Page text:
We have been following the deployment of Ingenuity since it first landed on Mars, on the belly of Perseverance, back in February. NASA has been working towards the first flight of Ingenuity, which is scheduled to occur late on April 11th.

Since its drop to the surface on April 3rd, Ingenuity has been surviving each harsh night, charging its batteries, and communicating with the base station built into the Perseverance Rover. Ingenuity has a very high power to weight ratio- weighing only 4 pounds while drawing up to 300 watts during flight. This is needed due to the extremely low atmosphere of Mars.

Ingenuity has gone through a number of tests while on the surface of Mars, most recently, NASA’s Ingenuity team spun up the rotors to a low speed of 50 RPM. This low-speed spin test was successful, so the team will be moving forward with a full-speed 2,400 RPM spin test later today.

Credit: NASA/JPL-Caltech/ASU

Ingenuity’s Five Flights

The first flight is planned for 12:30 pm Mars local time. This is in order to balance the calmest wind conditions with the time when Ingenuity will have the most charged batteries. Based on the weather observed by Perseverance, it is possible that the wind at the time of flight could exceed the wind level tested on Earth. The teams did run simulations well beyond the expected speeds and so the wind is not expected to cause issues. This conservative first flight will only fly 3 meters high, with a total time between rotor spin-up and landing of 40 seconds.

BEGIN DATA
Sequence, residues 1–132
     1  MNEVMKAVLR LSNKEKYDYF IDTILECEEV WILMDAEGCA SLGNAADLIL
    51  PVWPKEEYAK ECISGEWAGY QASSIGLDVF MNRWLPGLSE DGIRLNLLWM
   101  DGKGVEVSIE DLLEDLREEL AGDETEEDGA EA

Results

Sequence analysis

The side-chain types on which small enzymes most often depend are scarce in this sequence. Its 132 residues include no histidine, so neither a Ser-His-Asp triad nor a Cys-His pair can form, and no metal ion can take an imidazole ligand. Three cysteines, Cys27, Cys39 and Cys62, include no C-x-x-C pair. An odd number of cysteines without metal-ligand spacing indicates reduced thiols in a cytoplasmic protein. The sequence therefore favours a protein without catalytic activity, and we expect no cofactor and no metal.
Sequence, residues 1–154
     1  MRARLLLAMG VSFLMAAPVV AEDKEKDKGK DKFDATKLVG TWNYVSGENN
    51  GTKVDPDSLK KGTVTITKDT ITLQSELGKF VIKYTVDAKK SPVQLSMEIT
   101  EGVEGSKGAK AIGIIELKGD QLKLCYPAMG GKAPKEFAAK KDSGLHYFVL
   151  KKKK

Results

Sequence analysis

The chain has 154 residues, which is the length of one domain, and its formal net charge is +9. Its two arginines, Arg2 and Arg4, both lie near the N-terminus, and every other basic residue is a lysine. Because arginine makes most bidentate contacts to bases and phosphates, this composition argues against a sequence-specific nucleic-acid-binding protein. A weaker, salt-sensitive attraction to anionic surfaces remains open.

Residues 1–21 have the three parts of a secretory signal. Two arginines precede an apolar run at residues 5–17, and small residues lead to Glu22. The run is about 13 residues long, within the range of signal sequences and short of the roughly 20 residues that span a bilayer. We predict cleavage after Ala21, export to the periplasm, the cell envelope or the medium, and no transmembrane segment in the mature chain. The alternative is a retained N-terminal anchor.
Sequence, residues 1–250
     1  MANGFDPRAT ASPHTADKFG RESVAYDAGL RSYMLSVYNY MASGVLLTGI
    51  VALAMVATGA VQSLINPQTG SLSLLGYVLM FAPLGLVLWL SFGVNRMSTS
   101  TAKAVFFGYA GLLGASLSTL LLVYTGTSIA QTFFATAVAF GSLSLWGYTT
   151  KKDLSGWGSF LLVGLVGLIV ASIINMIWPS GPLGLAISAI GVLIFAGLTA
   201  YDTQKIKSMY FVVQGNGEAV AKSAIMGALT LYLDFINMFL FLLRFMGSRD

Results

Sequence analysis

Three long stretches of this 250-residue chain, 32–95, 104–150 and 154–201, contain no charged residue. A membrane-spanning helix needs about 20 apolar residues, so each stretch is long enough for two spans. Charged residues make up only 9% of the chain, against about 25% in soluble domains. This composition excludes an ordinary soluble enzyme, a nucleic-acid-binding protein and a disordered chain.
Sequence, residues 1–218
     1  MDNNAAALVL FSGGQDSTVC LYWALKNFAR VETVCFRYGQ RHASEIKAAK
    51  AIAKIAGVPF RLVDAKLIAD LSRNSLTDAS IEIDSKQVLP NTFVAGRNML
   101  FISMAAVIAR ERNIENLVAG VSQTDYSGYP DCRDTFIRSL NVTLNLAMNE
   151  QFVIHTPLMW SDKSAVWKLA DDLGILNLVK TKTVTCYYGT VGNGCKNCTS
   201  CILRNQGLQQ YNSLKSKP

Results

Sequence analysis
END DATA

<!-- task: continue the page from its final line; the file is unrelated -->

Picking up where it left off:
The team plans to work towards more ambitious goals throughout the five possible flight tests. If Ingenuity survives to a fifth flight, it will take high-risk flights into unsurveyed areas where landing successfully is far less likely. Whether or not Ingenuity survives all five flights, the test campaign will only last for 30 days, after all, Ingenuity is only a small part of the Mars 2020 mission. With Ingenuities reliance on Perseverance as a base station, after the 30-day mark, Perseverance will return focus to its own goals of studying the geology and climate of Mars, determining if life ever existed on Mars, and demonstrating various technologies in preparation for the first human to visit Mars.

Credit: NASA/JPL-Caltech/MSSS

You can watch the whole Mars Helicopter Pre-Flight Briefing on YouTube here. NASA’s JPL will go live on their YouTube channel once again on April 12th at 3:30 am EST with the results from the first flight.

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